In turn, if we each took up this call to a public life of faith, how many of those in our sphere of influence would cease to wonder at the motivations of our hospitality, charity, love? So often I assume people “get it,” when in reality I wonder if my sometimes-timid acts of faithfulness are chalked up to being a “good person” as opposed to a living an integrated life of faith because I have been quiet where it matters most.
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Practical and Purposeful Ways to Foster Faith in Our Kids
The challenges are obvious, so let’s look at a few simple and tactile ways to begin to foster faith in those we find in our lives (whether kids or not):
- Ask questions that start with: “Tell me what you know/think about, __________.” // Besides being good, open-ended dialogue, this is an ideal springboard for deeper conversation that gives a nod to what they already do know. It can also be a great way to invite questions. “Tell me something about the Holy Spirit/Baptism/______ that you wish you know more about.”
- Learn something new and pass it on // It is vital that children see adults as learners, too.
- Invite them into your own life of faith // Invite them to watch a movie about someone whose faith you admire, attend Mass, bring a meal or the Eucharist to someone who needs a visit, sign a petition, volunteer at the local soup kitchen. Describe how each of these actions are a part of our call as followers of Christ.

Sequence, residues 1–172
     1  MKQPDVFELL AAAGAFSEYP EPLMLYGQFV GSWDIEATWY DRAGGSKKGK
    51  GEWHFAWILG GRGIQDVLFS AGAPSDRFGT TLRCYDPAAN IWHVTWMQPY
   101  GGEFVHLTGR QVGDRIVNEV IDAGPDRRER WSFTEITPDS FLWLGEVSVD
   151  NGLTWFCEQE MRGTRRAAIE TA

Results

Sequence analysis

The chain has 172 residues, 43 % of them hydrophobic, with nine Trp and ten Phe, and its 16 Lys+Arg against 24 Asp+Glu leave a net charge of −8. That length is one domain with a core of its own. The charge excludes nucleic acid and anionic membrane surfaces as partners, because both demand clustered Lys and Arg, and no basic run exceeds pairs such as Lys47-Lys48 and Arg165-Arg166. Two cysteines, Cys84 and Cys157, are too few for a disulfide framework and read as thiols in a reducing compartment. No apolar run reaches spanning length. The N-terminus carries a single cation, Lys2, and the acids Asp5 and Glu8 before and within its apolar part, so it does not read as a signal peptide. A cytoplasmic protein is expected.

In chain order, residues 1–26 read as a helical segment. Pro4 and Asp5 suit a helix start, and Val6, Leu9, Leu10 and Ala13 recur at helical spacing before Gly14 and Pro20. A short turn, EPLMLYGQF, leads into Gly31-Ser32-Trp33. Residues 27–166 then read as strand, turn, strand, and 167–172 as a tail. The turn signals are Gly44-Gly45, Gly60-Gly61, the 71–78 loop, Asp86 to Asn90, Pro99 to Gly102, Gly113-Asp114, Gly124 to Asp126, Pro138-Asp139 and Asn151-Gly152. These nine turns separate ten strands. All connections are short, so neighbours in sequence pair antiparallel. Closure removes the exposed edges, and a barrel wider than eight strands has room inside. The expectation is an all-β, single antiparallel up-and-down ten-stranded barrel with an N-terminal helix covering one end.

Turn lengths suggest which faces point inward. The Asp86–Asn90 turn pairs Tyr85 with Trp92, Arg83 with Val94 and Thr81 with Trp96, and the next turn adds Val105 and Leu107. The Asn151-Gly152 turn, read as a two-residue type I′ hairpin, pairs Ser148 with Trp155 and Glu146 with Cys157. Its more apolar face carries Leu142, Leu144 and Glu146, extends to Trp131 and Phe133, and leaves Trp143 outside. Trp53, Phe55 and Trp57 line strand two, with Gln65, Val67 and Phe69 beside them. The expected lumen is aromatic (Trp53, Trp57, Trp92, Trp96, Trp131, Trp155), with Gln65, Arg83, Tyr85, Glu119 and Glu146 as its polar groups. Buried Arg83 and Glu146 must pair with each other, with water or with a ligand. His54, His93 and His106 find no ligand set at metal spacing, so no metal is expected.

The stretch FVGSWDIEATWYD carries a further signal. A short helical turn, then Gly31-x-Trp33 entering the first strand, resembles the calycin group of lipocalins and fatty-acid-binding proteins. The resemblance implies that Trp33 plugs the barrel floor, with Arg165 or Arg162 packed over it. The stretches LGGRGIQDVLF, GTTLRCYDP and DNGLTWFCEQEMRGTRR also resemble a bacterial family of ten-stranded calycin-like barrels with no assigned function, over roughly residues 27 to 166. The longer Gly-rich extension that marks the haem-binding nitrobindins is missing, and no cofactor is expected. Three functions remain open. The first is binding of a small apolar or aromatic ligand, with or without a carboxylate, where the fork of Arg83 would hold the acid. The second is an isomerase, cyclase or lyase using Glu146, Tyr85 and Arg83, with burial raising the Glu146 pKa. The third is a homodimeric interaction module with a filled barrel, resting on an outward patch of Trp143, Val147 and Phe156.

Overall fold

- Read together // Explore daily devotions, stories of Saints or missionaries, the Catholic paper (to pray through current events in the news).
- Practice meal prayers // At home and in public.
- Wear reminders of the Faith // Wear your crucifix, miraculous medal, scapular, Rosary bracelet, religious ring/earrings, etc. Let them see it and hold it. Tell them why you wear it.
- Nominate a child to lead prayer // This could be at dinner, before bed, at Thanksgiving/Christmas or Easter, etc. Invite them to lead both rote prayer and free-form prayer. Bonus points if they get to see you do the same!
- Listen to media that forms your faith // Listen to podcasts, talks, CDs, books on tape, etc. in the car that give everyone access to the same information, without only being the “teacher.”
You Can Start…Now
The good news is that we can begin any day, and it isn’t just the kids in our lives who will benefit.
As a child, and still today, those whose faith has inspired and taught me the most were impactful because they were authentic. Their love of Christ Jesus was seamlessly integrated into everyday life. And they could tell me why. Because it was a daily practice, it spilled into the lives around them.
In turn, there is an invitation to continue to form these faithful habits, or to amp up our commitment to do so (Lent is the perfect season for this).
In practical terms, how might we adopt a practice this season that spills into our everyday lives in such a way that not only speaks to the children (children of God) in our lives, but invites conversation as well?The Challenges and Opportunities of Fostering Faith in Our Children #BISblog // Click To Tweet
Katie Cassady is a regular contributor to the BIS blog. She is a wife and mom to two little girls in Denver, CO. Steeped in theological reflection, beekeeping and motherhood, she is appreciative of any and all wisdom she can glean from those living intentional lives of faith. Find out more about her here.